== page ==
There are times when you watch a movie that it feels like it was handled by somebody in particular. Most George Romero or Steven Spielberg or even Michael Bay movies have that certain feel about them, and you can tell, even as you watch them, that this movie was handled by that person.
2012 feels EXACTLY like a Roland Emmerich movie because, let’s face it, we’ve all been here before. It’s just gotten a LOT bigger since the last time.
This time, as it turns out, the Mayan calendar that’s gotten so much press over the last few months or so was exactly right and the end of the world as we know it starts up on December 21, 2012. And for a writer and father, who’s been somewhat estranged from his family of late, the whole world will quite literally never be the same again.
If you saw The Day After Tomorrow, ironically, you’ll have about a thirty percent head start into 2012 because it’s almost the EXACT SAME MOVIE. Both will feature scientists who catch on to things way ahead of the rest of the curve, but no one will believe them for a while until it’s almost too late, then there will be a whole lot of horrendous things happening that are far, far, more outlandish than anybody’s worst case scenarios. Sprinkle in some bad science, top it off with some schmaltzy family drama, and boom! You’ve got yet another half baked Roland Emmerich disaster movie that will probably make its shooting budget back if for no other reason that people LOVE to see stuff go boom.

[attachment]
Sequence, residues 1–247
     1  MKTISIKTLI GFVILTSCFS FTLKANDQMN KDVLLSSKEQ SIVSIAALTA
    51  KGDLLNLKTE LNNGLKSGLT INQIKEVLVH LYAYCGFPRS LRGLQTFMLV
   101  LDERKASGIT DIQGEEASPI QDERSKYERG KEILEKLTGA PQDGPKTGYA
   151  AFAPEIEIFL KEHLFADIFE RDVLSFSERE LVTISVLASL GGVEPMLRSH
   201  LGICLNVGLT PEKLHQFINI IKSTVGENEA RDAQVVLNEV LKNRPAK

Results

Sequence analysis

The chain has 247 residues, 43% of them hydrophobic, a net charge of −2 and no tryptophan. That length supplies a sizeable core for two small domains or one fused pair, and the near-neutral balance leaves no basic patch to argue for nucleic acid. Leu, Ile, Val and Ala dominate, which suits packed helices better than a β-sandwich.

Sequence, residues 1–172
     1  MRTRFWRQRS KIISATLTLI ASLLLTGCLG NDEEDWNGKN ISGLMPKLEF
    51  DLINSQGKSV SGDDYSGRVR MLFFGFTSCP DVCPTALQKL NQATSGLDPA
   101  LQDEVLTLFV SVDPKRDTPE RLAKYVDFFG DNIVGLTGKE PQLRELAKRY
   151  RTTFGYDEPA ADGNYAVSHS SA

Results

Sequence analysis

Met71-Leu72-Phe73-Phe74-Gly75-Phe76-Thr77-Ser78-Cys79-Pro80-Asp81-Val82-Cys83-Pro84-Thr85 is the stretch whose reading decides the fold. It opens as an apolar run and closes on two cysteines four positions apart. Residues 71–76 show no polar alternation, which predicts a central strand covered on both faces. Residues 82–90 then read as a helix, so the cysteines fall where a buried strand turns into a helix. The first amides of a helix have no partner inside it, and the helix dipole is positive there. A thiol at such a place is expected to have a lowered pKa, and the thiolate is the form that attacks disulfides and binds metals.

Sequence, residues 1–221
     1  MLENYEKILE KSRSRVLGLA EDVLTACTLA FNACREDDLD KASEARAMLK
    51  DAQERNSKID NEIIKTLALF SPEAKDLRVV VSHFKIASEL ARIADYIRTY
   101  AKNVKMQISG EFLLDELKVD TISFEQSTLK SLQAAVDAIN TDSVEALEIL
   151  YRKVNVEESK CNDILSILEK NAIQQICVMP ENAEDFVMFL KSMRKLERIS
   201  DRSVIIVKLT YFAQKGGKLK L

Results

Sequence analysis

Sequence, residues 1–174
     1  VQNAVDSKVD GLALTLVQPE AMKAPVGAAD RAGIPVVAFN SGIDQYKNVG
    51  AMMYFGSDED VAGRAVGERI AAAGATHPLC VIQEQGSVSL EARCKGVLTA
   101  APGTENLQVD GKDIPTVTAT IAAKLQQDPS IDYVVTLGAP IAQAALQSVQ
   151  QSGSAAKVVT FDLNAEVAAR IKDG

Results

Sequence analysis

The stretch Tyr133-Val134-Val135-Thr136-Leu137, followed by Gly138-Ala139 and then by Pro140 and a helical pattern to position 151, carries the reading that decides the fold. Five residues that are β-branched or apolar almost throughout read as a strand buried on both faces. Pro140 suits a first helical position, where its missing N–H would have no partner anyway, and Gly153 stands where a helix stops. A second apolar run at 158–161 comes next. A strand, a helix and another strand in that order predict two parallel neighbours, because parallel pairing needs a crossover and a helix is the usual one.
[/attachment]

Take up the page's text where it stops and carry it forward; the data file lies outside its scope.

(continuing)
Idiocracy fans, take note–at this rate Ass will be in theaters summer 2015.
Seriously though, this isn’t really a BAD movie. It’s a bit overlong, sure, and don’t even try to find this movie’s science on a map because it just plain old DON’T EXIST, and don’t even get me started on Roland’s big middle finger to greedheads everywhere who think they can buy their way out of disaster.
But there is plenty going on here. You’re almost certain to be entertained. Even I was entertained. There’s no long term value in a movie like this, but for a pleasant way to kill off two and a half hours with explosions and drama and a number of car jumps so large as to make Bo and Luke themselves have car envy (the first time I saw John Cusack JUMP A LIMO all I could think was “Well sir, right about then the Duke boys knew they was in a heap o’ trouble”. Try it; it’s fun!), there’s not much better. And by the way–it’s AWESOME that Woody Harrelson’s in this. I’ve got a whole new respect for this man.
The Screenhead Ten Scale, meanwhile, shakes its head with a sardonic grin and hands this low-brow disaster epic a six out of ten for its sheer fun factor, even if its plot is a load of steaming garbage that’s about a third of a ripoff and its science so lousy even a fourth grader could knock it into a cocked hat.